J.E. Dyer concluded her election night coverage last night at 2:20 a.m. on a positive note, writing, “The sun will come out tomorrow.” Indeed it has, bright and beautiful.
There was no tsunami last night, much less a wave. The Democrats did take control of Congress, winning more than the 23 seats needed to comprise a majority, but that was nothing close to the referendum on the president Republicans demonstrated in 2010 when the GOP picked up 63 House seats. Some House races remain too close to call, so the total damage has yet to be assessed.
So how did the winners and losers assess the Democratic victory? Pretty much the way you might expect. White House Press Secretary Sarah Sanders called it a “ripple,” while NBC News’s Chuck Todd qualified it as a “suburban takeover by the Democratic Party.”
Former White House and Trump campaign staffer Steven Cheung waxed philosophical, telling The Washington Post:
“Wave” would have been an enormous and generational shift for the Democrats. Instead of shocking the political landscape for generations to come, the Democrats continue to do what they have done since 2016 — over-promise and under-deliver. Their night of redemption concludes with a big, giant, and thunderous whimper.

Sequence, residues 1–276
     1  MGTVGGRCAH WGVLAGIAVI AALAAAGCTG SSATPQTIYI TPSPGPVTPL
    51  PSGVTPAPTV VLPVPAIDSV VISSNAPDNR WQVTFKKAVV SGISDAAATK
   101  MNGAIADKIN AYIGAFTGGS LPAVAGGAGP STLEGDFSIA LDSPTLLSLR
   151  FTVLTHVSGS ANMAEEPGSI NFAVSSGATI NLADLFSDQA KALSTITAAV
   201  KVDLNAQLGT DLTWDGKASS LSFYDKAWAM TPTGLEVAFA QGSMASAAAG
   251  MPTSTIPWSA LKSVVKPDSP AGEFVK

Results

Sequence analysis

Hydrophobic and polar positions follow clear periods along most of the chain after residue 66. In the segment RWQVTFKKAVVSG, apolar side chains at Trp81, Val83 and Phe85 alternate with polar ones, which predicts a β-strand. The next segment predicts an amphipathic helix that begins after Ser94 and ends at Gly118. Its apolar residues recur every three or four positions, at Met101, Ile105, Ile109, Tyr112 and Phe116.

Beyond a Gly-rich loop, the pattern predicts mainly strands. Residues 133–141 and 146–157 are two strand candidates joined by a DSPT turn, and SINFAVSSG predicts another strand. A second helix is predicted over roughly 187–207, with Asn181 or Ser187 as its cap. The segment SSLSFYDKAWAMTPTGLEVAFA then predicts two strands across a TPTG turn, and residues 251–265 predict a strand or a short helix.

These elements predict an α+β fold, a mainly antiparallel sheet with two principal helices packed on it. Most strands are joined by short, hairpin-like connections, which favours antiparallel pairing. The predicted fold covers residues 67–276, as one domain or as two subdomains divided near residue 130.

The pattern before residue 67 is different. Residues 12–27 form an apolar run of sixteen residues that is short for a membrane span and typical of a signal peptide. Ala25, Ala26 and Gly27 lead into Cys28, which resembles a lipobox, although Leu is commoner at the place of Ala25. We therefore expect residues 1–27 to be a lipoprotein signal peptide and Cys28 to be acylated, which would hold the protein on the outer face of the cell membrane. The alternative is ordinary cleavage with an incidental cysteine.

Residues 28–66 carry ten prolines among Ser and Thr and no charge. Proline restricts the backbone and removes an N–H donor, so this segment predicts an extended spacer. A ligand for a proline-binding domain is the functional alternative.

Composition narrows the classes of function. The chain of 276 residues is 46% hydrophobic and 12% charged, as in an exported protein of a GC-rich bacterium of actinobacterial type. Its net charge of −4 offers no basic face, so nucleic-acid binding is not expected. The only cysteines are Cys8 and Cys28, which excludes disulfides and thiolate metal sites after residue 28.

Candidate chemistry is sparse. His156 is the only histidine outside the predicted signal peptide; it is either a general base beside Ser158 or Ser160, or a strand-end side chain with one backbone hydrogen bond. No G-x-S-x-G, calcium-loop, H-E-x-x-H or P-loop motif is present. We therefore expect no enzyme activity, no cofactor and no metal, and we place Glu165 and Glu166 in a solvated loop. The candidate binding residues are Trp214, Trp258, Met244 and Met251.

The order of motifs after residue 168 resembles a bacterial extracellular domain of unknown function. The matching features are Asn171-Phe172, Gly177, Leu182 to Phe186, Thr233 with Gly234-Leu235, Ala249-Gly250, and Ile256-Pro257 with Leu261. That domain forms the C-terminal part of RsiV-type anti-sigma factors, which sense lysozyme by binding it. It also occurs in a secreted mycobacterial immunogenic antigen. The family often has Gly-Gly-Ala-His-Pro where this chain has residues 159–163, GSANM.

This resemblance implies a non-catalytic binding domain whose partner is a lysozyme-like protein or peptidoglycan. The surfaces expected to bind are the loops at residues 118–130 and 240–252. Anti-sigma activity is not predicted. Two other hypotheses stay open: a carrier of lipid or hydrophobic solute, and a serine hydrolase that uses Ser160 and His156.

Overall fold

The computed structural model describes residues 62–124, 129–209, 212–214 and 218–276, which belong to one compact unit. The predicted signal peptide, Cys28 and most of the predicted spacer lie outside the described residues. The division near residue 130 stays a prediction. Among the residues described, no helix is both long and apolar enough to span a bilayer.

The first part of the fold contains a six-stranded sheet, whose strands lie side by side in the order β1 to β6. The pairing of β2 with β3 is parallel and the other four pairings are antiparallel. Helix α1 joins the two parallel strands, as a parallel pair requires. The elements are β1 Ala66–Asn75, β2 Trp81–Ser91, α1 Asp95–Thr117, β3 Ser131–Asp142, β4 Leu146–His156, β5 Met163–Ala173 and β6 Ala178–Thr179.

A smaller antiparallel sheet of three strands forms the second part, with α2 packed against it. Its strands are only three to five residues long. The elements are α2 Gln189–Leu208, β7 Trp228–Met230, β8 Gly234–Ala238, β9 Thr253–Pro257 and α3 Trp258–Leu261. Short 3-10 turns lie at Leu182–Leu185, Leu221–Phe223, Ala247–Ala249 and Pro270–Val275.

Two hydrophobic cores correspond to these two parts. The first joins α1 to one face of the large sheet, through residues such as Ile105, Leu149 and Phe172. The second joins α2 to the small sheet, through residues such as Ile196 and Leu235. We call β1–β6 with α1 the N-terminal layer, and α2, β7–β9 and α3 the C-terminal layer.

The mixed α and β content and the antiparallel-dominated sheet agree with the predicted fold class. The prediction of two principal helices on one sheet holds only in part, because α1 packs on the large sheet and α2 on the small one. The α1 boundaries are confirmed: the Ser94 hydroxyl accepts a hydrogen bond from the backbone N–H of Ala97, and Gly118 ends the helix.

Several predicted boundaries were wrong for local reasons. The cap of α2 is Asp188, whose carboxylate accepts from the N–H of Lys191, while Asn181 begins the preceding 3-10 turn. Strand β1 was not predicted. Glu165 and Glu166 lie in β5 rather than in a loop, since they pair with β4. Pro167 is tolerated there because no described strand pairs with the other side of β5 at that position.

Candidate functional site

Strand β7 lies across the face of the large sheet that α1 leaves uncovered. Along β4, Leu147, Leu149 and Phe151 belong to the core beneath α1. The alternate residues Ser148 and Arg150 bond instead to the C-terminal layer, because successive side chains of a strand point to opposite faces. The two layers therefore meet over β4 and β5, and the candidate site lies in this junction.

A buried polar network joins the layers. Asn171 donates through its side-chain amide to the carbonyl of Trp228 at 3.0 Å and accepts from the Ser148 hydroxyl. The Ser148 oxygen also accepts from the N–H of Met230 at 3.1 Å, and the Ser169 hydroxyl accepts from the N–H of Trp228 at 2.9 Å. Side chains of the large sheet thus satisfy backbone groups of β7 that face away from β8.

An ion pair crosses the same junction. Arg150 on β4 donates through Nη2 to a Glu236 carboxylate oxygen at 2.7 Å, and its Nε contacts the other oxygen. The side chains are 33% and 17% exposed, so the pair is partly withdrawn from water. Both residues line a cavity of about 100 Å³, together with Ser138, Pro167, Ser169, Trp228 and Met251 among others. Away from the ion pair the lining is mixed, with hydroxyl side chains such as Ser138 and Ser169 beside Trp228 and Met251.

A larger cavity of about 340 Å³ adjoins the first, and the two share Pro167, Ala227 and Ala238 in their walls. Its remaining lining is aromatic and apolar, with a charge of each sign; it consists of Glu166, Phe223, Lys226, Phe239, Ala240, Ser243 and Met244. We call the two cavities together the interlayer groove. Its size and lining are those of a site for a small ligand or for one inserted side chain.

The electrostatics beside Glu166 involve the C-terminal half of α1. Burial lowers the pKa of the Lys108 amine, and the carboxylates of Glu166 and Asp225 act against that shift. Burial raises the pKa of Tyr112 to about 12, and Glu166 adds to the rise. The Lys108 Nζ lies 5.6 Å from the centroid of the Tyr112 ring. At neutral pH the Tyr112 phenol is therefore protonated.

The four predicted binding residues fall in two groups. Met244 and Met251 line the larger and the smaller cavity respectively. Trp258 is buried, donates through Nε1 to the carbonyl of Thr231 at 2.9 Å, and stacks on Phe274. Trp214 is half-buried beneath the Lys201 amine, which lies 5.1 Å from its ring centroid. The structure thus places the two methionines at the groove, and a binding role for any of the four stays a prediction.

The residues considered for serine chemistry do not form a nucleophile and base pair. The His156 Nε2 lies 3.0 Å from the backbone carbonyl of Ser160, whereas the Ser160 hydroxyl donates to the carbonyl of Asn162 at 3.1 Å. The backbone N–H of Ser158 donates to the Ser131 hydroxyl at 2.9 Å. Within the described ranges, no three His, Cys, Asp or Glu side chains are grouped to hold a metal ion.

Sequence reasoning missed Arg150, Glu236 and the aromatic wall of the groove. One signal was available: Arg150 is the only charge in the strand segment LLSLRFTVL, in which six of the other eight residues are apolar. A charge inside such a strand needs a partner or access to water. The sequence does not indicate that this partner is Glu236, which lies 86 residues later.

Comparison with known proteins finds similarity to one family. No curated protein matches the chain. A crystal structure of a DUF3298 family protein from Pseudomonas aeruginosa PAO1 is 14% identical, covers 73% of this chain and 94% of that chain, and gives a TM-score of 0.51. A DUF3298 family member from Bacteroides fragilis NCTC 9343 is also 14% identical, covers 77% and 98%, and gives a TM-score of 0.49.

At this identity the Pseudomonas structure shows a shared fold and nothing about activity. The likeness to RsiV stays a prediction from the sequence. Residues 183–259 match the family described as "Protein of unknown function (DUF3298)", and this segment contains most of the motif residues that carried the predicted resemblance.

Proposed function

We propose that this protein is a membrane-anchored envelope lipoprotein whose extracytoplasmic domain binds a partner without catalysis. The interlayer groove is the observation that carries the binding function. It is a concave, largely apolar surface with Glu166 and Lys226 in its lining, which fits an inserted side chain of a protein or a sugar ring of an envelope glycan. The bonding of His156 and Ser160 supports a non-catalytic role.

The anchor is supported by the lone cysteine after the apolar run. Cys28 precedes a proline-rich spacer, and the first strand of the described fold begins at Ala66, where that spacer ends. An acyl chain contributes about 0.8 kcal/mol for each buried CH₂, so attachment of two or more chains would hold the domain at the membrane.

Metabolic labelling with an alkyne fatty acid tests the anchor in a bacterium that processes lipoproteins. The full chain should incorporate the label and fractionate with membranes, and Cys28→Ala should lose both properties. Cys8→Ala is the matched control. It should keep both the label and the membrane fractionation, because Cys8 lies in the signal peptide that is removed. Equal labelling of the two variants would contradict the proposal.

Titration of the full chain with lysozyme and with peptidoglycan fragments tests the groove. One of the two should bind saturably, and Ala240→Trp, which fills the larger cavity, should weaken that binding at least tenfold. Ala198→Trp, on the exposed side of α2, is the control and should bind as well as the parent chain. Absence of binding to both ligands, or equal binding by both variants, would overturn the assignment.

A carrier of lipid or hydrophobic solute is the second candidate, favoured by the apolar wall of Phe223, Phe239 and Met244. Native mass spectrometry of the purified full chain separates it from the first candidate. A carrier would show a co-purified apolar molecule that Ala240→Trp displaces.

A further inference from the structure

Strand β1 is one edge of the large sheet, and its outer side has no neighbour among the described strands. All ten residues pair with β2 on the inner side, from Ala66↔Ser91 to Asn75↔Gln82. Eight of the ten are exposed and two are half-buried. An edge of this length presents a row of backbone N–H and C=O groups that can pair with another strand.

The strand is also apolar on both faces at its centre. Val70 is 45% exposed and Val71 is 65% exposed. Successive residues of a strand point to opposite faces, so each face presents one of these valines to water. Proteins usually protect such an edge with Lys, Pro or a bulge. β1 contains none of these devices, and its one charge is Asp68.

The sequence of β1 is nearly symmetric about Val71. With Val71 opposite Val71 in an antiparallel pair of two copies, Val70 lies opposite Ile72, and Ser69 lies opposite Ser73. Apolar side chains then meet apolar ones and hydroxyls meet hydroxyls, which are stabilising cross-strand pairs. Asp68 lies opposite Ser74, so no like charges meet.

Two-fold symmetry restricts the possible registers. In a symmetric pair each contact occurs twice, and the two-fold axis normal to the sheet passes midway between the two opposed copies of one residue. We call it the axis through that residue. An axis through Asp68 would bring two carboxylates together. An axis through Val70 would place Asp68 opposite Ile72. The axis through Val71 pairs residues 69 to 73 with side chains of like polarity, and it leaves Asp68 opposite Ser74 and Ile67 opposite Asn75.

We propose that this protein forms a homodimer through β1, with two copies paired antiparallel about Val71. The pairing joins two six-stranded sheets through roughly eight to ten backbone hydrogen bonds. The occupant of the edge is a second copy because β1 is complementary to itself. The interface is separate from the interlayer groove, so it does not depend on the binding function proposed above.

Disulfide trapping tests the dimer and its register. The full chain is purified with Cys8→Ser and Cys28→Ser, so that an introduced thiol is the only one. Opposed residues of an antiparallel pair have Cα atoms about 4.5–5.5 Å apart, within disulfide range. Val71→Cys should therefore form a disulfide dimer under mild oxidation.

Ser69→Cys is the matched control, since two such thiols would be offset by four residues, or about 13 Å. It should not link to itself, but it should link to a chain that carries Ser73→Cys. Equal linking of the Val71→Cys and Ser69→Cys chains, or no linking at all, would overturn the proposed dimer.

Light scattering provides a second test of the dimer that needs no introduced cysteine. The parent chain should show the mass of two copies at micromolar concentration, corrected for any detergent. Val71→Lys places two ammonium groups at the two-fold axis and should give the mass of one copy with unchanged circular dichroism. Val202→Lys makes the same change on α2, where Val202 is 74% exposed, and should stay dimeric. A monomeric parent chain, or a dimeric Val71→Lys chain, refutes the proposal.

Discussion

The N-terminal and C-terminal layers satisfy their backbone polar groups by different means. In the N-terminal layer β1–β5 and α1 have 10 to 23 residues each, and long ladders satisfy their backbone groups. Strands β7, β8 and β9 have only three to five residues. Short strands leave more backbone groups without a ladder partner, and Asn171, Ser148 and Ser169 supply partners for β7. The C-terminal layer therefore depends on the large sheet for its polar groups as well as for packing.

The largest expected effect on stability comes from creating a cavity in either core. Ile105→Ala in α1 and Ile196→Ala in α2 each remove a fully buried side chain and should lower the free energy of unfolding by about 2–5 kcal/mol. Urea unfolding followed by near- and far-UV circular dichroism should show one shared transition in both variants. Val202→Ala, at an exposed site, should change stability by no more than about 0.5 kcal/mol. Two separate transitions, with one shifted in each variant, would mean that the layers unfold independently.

CNN vigorously debated over whether the Democratic House takeover could be classified as a “wave,” prompting an unnamed Republican source to submit, “If you have to litigate a wave, it’s not a wave.”
Barack Obama’s one-time green czar and now CNN contributor Van Jones cynically quipped that last night’s Democratic win was “not a blue wave” but an ongoing “blue war” against what he helpfully called “this infestation of hate and division.”
Politico came up with perhaps the best answer to the question of wave or no wave:
Democrats wanted a base of power in Donald Trump’s Washington and they got it.
They also wanted to wake up Wednesday morning to a radically changed country. They wanted permission to dismiss the past two years as a fluke of history, a hallucination now fading. And they wanted something more: to rub the president’s nose in the dirt of defeat and repudiation so badly that it would be hard to see him doing more than limp through the balance of his first term, much less with a credible path to a second.
Those things Democrats did not get.
To the contrary, the GOP defeat was not nearly as severe as the Democratic one in 2010, at a similar point in Barack Obama’s presidency, nor the one two years into Bill Clinton’s first term in 1994.
This leaves 2018 as the “Yes, but” election — not fully satisfying but by no means fully deflating for partisans of either side.
It will be interesting now to see where we as a country go from here.